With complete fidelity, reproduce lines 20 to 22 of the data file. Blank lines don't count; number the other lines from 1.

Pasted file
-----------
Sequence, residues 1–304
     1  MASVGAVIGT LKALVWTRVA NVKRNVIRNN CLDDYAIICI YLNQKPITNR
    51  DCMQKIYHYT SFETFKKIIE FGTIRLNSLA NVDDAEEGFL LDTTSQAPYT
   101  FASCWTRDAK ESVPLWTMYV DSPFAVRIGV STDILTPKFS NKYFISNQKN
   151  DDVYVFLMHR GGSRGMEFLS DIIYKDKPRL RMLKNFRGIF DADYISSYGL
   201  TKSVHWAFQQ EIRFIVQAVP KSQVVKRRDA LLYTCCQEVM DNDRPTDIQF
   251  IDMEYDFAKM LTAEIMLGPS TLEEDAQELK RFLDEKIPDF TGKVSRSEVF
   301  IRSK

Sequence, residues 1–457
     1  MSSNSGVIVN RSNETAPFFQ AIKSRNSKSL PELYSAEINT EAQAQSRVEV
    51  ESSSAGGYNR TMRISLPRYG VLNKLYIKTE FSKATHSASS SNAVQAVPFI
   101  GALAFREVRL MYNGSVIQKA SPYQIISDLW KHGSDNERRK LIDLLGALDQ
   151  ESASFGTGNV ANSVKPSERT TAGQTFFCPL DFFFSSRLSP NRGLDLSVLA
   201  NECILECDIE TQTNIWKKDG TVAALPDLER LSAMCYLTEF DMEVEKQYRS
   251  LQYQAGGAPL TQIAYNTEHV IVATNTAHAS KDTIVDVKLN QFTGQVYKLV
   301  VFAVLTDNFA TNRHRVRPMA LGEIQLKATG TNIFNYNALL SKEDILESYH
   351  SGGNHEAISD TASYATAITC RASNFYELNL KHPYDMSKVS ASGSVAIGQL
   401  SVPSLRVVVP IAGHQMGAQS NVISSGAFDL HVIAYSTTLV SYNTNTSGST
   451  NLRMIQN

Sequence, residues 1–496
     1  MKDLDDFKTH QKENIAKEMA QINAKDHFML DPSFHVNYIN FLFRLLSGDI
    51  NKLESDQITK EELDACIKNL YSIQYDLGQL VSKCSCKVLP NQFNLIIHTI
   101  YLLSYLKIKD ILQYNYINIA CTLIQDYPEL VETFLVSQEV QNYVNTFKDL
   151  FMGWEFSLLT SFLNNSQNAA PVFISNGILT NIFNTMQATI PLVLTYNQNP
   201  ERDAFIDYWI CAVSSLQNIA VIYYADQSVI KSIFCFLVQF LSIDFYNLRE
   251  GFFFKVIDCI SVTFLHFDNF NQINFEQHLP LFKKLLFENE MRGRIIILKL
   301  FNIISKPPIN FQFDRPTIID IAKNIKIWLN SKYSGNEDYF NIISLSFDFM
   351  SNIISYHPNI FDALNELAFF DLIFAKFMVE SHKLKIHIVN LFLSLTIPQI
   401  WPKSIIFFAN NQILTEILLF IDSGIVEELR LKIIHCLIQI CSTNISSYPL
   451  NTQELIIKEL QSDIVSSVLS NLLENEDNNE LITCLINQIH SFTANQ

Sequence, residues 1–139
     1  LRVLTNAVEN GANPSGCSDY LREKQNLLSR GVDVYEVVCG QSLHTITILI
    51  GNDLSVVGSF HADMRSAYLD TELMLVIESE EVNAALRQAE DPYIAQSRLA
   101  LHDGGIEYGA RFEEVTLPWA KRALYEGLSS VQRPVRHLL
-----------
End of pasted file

Sequence, residues 1–496
     1  MKDLDDFKTH QKENIAKEMA QINAKDHFML DPSFHVNYIN FLFRLLSGDI
    51  NKLESDQITK EELDACIKNL YSIQYDLGQL VSKCSCKVLP NQFNLIIHTI